When Bruce Jamieson came to Oamaru for the hospital’s community open day, he was looking forward to checking out all of the services on offer.
Instead, he ended up experiencing some of them first hand.
The father of Waitaki District Health Services chief executive Phil Jamieson arrived in Oamaru from Christchurch on Friday. When Phil returned home from work at the hospital, he found his father in terrible pain and took him to the emergency department.
Tests and CT scans revealed Bruce had kidney stones and, after spending the night in hospital, he was discharged the next day.
“I expected to experience [the open day], not be in it,” Bruce said.
He was full of praise for the medical staff who looked after him.
“The staff were magnificent, incredible – there’s an incredible amount of respect between them.”
Phil described the event as “medical tourism” and said his father was recovering well.
Hundreds of people attended Oamaru Hospital’s first open day, which aimed to connect the community with its healthcare services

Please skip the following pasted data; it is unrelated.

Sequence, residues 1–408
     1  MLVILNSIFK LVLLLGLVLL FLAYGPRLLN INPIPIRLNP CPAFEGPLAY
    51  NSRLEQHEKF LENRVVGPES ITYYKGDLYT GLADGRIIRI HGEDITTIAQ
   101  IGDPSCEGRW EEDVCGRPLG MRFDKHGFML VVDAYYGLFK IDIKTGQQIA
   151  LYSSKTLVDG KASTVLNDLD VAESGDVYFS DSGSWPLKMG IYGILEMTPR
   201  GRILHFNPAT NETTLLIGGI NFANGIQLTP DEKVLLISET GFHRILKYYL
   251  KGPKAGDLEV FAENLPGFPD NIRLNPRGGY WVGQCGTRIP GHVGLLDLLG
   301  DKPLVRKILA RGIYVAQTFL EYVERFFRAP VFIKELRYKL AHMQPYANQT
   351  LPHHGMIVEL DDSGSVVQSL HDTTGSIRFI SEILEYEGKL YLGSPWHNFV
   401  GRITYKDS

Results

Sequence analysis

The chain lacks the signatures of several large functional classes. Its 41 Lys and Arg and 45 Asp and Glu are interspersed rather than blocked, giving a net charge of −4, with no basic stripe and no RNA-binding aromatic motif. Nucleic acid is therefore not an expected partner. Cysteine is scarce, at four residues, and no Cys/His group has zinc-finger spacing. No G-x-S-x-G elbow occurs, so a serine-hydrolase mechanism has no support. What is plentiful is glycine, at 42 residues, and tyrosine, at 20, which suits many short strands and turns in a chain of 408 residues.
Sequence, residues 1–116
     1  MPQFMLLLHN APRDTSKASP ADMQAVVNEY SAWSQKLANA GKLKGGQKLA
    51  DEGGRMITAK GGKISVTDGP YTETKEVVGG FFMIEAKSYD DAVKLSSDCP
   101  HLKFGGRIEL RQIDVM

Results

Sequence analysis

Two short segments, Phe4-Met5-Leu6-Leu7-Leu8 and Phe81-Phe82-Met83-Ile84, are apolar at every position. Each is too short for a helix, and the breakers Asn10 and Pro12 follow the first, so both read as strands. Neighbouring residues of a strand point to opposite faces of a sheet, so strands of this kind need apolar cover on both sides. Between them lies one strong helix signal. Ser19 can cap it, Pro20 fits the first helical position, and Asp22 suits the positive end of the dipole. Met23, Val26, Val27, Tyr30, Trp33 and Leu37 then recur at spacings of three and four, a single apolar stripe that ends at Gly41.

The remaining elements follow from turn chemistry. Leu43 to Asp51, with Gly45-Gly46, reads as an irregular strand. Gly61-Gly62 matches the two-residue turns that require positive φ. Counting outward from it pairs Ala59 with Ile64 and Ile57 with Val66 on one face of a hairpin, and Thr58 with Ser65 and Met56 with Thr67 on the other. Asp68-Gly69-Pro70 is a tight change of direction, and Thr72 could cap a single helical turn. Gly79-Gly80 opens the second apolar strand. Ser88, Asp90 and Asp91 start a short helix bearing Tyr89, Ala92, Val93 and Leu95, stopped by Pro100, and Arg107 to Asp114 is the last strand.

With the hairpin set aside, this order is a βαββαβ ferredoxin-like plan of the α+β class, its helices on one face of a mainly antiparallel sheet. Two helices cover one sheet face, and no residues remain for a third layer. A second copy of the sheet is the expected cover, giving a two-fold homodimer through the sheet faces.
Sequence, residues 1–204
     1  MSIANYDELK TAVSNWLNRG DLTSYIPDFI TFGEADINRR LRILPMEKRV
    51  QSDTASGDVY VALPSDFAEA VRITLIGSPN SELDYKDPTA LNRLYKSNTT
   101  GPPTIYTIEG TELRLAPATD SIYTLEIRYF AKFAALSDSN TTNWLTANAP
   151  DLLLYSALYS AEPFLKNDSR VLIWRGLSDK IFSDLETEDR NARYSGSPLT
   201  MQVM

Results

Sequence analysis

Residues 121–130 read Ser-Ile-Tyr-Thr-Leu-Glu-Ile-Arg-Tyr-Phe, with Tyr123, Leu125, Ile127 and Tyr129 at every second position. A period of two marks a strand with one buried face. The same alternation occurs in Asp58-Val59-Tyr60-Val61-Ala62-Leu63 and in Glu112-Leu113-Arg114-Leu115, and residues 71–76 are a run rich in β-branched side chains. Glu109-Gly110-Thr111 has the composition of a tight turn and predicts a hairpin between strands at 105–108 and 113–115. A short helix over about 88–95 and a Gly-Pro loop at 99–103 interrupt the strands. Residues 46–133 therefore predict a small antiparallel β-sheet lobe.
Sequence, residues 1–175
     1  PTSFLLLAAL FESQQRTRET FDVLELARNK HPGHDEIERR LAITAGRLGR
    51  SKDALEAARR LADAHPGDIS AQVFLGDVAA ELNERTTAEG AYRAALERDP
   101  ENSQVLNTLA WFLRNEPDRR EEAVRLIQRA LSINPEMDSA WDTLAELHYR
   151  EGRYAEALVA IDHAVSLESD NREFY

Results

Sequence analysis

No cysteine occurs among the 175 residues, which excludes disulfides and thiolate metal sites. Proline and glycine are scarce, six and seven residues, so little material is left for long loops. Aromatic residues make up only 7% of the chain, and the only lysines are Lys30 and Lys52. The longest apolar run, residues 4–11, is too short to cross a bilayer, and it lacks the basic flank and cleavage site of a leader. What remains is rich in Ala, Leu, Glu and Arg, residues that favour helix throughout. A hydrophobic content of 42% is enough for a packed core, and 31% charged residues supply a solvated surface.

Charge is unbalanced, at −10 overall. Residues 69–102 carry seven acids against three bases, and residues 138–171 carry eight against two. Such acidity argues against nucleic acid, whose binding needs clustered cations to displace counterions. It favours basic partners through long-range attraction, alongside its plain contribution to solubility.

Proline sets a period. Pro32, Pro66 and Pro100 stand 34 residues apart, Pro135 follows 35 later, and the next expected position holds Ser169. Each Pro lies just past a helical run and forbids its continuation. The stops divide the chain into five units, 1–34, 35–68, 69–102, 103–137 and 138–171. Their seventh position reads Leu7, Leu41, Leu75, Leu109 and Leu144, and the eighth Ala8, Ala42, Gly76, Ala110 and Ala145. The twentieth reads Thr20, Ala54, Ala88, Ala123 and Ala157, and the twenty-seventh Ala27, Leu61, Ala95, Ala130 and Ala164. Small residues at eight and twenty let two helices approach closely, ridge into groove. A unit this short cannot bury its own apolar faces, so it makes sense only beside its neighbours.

“It’s been invaluable for people to see their hospital, and for us it’s about meeting people because often people come in at a vulnerable point, and this is an opportunity to normalise the hospital,” Phil said.
“We wouldn’t have a hospital without the community.”
Nurses set up stations testing people’s blood-sugar levels, checking pulses, demonstrating how to correctly administer bandages and showing how many germs were left on people’s hands under a UV light.
The Stroke Foundation of New Zealand tested blood pressure, occupational therapists and physiotherapists demonstrated movement difficulties, and the Women’s Health Bus and Age Concern also provided information.
The Otago Regional Rescue Helicopter, St John and Fire and Emergency New Zealand were on site throughout the day, and the Pasifika community was represented.
It was an opportunity to show the community agencies that worked together and understand the communities health needs, he said.
North Otago community stroke adviser Debbie Huls was “flat-out” testing people’s’ blood pressure.
“It’s been really beneficial – people have really really appreciated it,” she said.
Women’s Health Bus nurse practitioner Emma Macfarlane said it was a great day out for “Betty the bus”.
“I wasn’t really sure what to expect, but I’ve pretty much been busy talking to people since the start – I’ve loved being a part of it.”
Pasifika health care assistant Uinta Tapaatoutai said it was an important experience for her patients to see more of the hospital.